Iraqi civilians are being subjected to “barbaric” sexual violence committed by Sunni Islamic State (IS) jihadist fighters, the U.N reports.
Two U.N. officials say they’ve received accounts of “barbaric acts” of sexual violence including “savage rapes” being used as weapons of war against women and teenage girls and boys belonging to the Yazidi, Christian, Turkomen and Shabak minority groups in Iraq. As many as 1,500 Yazidis and Christians may have been forced into sex slavery and human trafficking, the UN reports.
“We condemn, in the strongest terms, the explicit targeting of women and children and the barbaric acts the ‘Islamic State of Iraq and the Levant’ has perpetrated on minorities in areas under its control, and we remind all armed groups that acts of sexual violence are grave human rights violations that can be considered as war crimes and crimes against humanity,” Nickolay Mladenov, special representative of the U.N. secretary-general for Iraq, and Zainab Hawa Bangura, special representative of the secretary-general on sexual violence in conflict, said in a joint statement issued from Baghdad.
The UN warned on Tuesday that Yazidis are on the brink of an imminent mass genocide at the hands of IS. The United Nations Refugee Agency (UNHCR) estimates 20,000 to 30,000 Yazidis remain trapped in searing temperatures on top of Mount Sinjar in northwest Iraq with little food, water or medical supplies. The Yazidis — a majority Kurdish-speaking religion that combines elements of Christianity, Islam and the ancient Persian faith Zoroastrianism — were trapped after fleeing IS militants who issued them an ultimatum: convert to Islam or die.
The U.S. and France are both stepping up efforts to relieve the plight of Iraq’s Yazidis, who IS consider to be devil worshippers, and other religious minority groups. The U.S. is sending 130 “advisers” into northern Iraq to help assist in the evacuation of the thousands of Yazidis still stranded on the mountain. The Defense Department emphasized that the advisers, all Marines and Special Operations forces, won’t be used in combat roles but will plan and perhaps carry out the evacuation of Yazidis. The addition of 130 advisers brings the total number of U.S. military personnel in Iraq to more than 1,000, The New York Times reports.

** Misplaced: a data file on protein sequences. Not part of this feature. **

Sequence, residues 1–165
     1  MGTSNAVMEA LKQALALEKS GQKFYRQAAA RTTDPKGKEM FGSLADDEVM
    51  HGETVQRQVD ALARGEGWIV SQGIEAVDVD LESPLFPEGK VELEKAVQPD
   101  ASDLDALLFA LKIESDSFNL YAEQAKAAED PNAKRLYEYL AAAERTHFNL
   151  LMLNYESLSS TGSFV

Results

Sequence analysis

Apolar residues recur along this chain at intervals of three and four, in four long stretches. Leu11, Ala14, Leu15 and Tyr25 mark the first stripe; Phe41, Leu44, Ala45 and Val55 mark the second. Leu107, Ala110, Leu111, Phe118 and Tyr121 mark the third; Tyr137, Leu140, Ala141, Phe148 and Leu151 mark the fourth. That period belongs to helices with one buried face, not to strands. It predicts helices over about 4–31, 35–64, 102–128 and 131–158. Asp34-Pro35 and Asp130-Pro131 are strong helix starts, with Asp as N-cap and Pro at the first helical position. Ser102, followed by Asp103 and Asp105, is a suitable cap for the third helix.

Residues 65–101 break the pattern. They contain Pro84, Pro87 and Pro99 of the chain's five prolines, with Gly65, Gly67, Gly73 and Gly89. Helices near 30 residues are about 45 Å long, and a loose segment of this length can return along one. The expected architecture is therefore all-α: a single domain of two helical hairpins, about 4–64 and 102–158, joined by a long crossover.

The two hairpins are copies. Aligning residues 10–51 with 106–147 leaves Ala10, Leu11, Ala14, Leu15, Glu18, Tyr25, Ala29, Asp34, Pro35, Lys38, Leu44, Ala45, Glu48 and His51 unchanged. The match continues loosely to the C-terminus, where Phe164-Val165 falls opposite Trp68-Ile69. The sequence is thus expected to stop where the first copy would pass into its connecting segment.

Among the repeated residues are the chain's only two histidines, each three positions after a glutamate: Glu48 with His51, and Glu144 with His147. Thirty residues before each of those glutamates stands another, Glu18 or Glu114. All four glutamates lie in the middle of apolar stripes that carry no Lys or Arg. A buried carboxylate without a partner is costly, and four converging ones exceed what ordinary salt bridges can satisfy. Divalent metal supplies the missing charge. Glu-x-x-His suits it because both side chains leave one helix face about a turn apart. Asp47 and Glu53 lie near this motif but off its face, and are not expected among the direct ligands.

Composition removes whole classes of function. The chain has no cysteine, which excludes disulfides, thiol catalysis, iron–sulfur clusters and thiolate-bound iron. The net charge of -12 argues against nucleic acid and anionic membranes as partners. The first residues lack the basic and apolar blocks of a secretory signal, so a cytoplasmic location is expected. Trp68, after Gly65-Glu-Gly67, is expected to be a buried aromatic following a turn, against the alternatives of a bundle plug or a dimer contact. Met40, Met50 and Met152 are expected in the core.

The U.S. has also been airdropping food, water and medical supplies over the past six days to Yazidis who remain trapped on Mount Sinjar. However, the airdrops are not seen as a sustainable solution to the crisis, said Ben Rhodes, U.S. deputy national security adviser. Instead, the creation of a safe corridor or airlifts for fleeing minorities are being considered. U.S. Secretary of State John Kerry said he is “assessing” the best way to get the Yazidis off the mountain, The New York Times reports.
French President François Hollande said on Wednesday that France will supply arms to the Kurdish peshmerga forces to repel Islamic State (IS) militants and prevent them from advancing on Erbil, the capital of the Kurdish semi-autonomous region. The U.S., which has already carried out airstrikes targeting IS fighters, will also directly arm the Kurdish peshmerga forces.
“In order to respond to the urgent needs expressed by the Kurdistan regional authorities, the president has decided, in agreement with Baghdad, to deliver arms in the next few hours,” Hollande said in a statement from his office.
The United Kingdom agreed to send helicopters to Iraq to “aid surveillance of the zone where the refugees are trapped,” The Independent reports.